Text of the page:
KATEY: Oh, I don't think either Walt or Jesse wants anything to do with each other. But the way the show has kept the two tied to each other is intentional. Everything awful that has happened started when the two of them teamed up together, and they have been brought back together time and again even when they were unwilling-- Walt bringing Jesse to cook with him in the Super Lab so Jesse wouldn't press charges against Hank, Jesse helping Walt kill Gus thanks to the Lily of the Valley trick. Even if they want nothing to do with each other, they will meet again-- because that is how the fates of this show work. It began with them and it will end with them, I'm sure of it.
SEAN: OK, I'll go along with that. It will somehow return to Walt and Jesse. But if that's the case, it solidified my belief that somehow, Jesse will die, and Walt will live. That's the true torture, the fate awaiting Walter White. He has to realize that getting involved in the meth trade cost him his actual son, and his metaphorical son. He'll watch Jesse die, and live with the consequences or the rest of his cancer-stricken life.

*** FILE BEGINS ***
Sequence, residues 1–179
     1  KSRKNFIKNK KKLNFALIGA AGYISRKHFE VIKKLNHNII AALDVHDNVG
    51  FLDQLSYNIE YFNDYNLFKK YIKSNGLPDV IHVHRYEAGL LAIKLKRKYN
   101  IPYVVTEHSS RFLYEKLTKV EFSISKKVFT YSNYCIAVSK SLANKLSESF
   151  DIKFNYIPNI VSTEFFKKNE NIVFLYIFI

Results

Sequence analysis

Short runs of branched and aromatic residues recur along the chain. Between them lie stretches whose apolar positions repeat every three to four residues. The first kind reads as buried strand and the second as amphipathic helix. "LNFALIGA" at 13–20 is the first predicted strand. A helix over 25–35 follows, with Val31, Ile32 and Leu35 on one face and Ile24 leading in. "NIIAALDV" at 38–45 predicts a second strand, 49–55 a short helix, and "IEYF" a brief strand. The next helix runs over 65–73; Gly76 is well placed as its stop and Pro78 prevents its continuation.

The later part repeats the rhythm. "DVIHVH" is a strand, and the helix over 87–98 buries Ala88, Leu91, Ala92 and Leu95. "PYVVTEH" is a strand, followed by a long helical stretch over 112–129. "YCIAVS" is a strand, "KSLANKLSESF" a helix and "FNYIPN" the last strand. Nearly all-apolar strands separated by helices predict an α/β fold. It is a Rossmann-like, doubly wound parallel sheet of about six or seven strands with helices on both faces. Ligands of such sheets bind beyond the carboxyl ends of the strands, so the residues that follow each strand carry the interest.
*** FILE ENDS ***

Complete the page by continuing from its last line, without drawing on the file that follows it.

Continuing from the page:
KATEY: Ooooh I like that. Super dark. At this point, I'm trying to disconnect myself emotionally and prepare myself for the absolute worst. But then I keep turning on the Breaking Bad marathon on AMC and remembering the early days and it feels so painful again! Oh, this show. I'm going to be a million pounds lighter when it's finally over.